How to keep productivity from killing your creativity

When you think about your favorite day of work, what comes to mind? Was it the day you answered 80 emails in an two-hour sprint? Or was it the day you discovered a new way to solve a problem you’d wrestled with for weeks? Chances are, you remember the day you did your best work better than the day you did the most work.

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Your most creative time of day isn’t when you think it is

All of us are governed by our own internal clocks, or circadian rhythms, that determine when we’re wide awake and when we need toothpicks to keep our eyes open. We tend to think that we’re at our best during our peak hours: Night owls’ hoots are pitch-perfect in the evening and larks catch the most worms early in the day. But when it comes to creativity, we may be getting it all wrong.

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8 ways to give better feedback to creatives

Even the most skilled creative team will occasionally miss the mark. Maybe their aim was slightly off, or you perhaps you were looking at totally different targets. Providing useful feedback can help everyone realign and pull the project’s objective into sharper focus. But helping them draw the best version out of their creative quiver can be a challenge. You want to be precise without micromanaging, kind without being condescending, and direct but not dismissive. With all these fine lines to walk, how do you make sure your feedback sparks forward momentum and doesn’t derail the project? The following tips will help ensure you and your creative colleagues are communicating effectively, so that you end up with a final product everyone is proud of.

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How to avoid decision fatigue

You get home from work and your partner asks what you want to order for dinner. Somehow that simple question seems impossible to answer. You toss the choice back to them. And so the game of “I don’t care. You pick,” begins. What’s going on here? Why does take-out suddenly seem so complicated?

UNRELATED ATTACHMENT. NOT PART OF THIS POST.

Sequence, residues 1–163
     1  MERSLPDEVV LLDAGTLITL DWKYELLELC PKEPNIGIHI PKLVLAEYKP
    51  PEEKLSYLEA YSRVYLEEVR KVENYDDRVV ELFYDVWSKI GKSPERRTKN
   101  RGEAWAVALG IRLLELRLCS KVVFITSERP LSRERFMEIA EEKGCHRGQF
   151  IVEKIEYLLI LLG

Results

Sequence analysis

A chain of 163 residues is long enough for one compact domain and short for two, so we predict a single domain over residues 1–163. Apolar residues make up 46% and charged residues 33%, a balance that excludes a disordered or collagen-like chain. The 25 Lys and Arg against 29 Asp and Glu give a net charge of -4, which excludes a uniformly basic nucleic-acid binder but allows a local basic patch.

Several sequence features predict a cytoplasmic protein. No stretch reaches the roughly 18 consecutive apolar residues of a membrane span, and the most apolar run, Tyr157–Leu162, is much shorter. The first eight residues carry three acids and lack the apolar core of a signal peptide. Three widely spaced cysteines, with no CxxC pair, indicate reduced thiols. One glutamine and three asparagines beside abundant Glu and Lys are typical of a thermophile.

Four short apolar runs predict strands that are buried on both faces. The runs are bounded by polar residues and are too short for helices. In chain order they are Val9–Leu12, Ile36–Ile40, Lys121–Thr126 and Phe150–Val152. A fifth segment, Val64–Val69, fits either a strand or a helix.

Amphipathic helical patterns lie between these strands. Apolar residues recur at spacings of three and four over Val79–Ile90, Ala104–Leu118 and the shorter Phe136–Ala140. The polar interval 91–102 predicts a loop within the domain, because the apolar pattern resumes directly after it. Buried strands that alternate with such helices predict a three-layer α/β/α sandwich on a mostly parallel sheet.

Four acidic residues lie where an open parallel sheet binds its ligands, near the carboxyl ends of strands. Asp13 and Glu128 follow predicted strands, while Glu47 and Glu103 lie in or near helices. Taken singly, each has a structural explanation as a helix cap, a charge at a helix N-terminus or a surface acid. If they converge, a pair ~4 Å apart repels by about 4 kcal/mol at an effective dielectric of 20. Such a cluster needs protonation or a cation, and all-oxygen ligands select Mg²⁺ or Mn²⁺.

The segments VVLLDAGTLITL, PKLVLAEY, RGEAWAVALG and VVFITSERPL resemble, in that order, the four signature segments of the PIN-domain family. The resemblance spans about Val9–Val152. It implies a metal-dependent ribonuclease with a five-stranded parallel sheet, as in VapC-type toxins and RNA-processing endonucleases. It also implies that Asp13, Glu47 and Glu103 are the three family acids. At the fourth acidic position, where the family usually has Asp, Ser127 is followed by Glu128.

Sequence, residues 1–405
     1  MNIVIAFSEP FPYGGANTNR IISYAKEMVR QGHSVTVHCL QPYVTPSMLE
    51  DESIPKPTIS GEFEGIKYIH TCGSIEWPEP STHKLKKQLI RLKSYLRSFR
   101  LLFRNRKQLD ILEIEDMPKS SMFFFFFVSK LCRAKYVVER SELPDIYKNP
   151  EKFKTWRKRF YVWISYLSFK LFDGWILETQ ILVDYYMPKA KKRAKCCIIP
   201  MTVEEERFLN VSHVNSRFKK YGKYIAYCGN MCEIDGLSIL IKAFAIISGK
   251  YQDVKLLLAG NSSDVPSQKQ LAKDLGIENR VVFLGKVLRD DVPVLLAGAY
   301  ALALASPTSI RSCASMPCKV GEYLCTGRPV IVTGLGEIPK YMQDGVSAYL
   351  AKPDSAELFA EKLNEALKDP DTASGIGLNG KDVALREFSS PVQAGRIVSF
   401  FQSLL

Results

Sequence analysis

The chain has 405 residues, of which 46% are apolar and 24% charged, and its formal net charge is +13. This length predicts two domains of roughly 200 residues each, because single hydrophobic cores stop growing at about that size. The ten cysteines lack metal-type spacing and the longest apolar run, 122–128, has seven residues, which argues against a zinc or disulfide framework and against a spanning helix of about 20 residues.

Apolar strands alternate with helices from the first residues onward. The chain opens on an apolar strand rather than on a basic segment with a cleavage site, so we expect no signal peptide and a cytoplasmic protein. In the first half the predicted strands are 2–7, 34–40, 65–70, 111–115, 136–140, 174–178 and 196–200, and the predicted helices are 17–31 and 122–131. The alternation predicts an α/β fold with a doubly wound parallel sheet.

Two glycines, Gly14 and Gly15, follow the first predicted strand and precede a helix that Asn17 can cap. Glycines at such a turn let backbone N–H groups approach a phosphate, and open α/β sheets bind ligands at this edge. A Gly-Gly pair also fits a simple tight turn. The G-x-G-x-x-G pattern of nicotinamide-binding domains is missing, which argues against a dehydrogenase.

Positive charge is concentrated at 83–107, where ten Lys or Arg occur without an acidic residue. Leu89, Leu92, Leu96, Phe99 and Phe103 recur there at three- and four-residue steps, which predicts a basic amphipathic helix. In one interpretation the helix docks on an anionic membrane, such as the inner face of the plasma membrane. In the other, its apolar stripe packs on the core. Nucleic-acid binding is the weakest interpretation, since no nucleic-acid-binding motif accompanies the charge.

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Why people judge books by their covers—and what it means for your work

Our brains are constantly processing a barrage of information. To handle all of this input efficiently, our minds relegate a fair amount of thinking to our “adaptive unconscious,” a concept made famous in Malcolm Gladwell’s book Blink. Gladwell likened the adaptive unconscious to a “giant computer that quickly and quietly processes a lot of the data we need in order to keep functioning as human beings.”

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5 ways to impress clients in your next pitch

You’ve rehearsed your presentation. You’ve got a smart outfit picked out. You’re ready to give some firm handshakes, smile, and make eye contact. And you’re probably more than a little amped up on adrenaline. Your client, on the other hand, has been in meetings all day, feels pressed for time, and has a million other concerns on their mind. To avoid looking at blank faces while you try to make your case, you need to go beyond the usual preparation tactics. Here’s how to break through the boredom barrier and make a memorable impression in your next pitch meeting.

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